DATE2019-01-08 12:44:23
AUTHORSVassiliki Iordanidou (1)|Aristeidis G. Koutroulis (1)|Ioannis K. Tsanis (1,2)
  1. Technical University of Crete, Chania, Greece
  2. McMaster University, Hamilton, Canada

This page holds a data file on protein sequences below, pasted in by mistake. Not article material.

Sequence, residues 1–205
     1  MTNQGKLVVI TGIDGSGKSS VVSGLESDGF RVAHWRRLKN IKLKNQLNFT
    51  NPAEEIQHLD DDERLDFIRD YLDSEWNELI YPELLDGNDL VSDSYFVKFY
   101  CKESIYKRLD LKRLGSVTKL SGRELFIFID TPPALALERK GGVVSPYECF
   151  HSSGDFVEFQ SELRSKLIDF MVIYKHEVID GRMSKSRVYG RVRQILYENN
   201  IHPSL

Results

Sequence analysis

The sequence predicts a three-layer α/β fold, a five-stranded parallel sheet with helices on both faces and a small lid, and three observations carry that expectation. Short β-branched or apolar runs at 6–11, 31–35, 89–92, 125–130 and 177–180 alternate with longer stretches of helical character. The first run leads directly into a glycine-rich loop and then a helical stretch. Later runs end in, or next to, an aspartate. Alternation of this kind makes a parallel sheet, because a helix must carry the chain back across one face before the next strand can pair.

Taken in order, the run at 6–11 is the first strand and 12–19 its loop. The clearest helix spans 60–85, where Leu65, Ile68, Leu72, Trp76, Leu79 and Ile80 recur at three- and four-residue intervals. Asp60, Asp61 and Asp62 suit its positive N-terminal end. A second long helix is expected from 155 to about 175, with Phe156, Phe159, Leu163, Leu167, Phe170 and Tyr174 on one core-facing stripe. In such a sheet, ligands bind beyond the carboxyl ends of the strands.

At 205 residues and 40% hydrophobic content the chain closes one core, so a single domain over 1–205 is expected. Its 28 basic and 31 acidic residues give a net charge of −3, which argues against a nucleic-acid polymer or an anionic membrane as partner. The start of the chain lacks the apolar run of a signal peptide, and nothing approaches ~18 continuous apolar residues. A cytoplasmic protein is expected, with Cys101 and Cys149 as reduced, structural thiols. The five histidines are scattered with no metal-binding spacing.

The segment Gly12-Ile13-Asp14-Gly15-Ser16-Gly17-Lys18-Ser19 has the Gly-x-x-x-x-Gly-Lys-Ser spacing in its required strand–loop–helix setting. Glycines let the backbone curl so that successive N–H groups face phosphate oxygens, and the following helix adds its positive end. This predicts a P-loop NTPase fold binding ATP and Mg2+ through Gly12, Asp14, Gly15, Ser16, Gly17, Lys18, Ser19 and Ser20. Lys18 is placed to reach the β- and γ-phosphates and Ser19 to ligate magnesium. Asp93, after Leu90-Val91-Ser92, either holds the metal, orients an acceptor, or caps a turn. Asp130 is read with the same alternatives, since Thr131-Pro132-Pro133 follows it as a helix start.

ABSTRACTHigh intensity precipitation in Eastern Mediterranean is mainly associated with the cyclone pathways. These extreme rain events are responsible for physical disasters such as flood events and landslides, having high impact in the socio-economic life of organized communities. The cyclone-rain association as well as the characteristics of the cyclones-triggering precipitation of various accumulations are investigated in this study for the island of Crete. The European Centre for Medium-Range Weather Forecasts (ECMWF) ERA-Interim 6-hourly mean sea-level pressure dataset for a thirty year period (1979-2011) are used. Cyclone center identification and cyclone pathway tracking is achieved with the aim of Melbourne University algorithm (MS scheme). MS scheme is also used for the identification of cyclone characteristics such as radius, intensity and propagation velocity. The spatial and temporal daily precipitation data is realized via a dense gauging network over the island of Crete. With respect to the 50th, 95th and 99.5th percentiles of cumulative daily precipitation, the data is classified in three categories of mild, strong and heavy precipitation. Cyclones are considered to trigger rain events of the above precipitation categories if there is an identified temporal and spatial match with the field data. Cyclones mainly approach the island of Crete from northwest and southwest directions while their actual centers causing the rain events are usually located to the northwest and southeast of the island of Crete. Heavy rain accumulation is found to be related with cyclone pressure decrease as well as cyclone intensity, depth, radius and propagation velocity increase. Seasonal changes are also recognized in the cyclone characteristics such as lower pressure and smaller cyclone radius in the spring in contrast to ones are present in winter and autumn.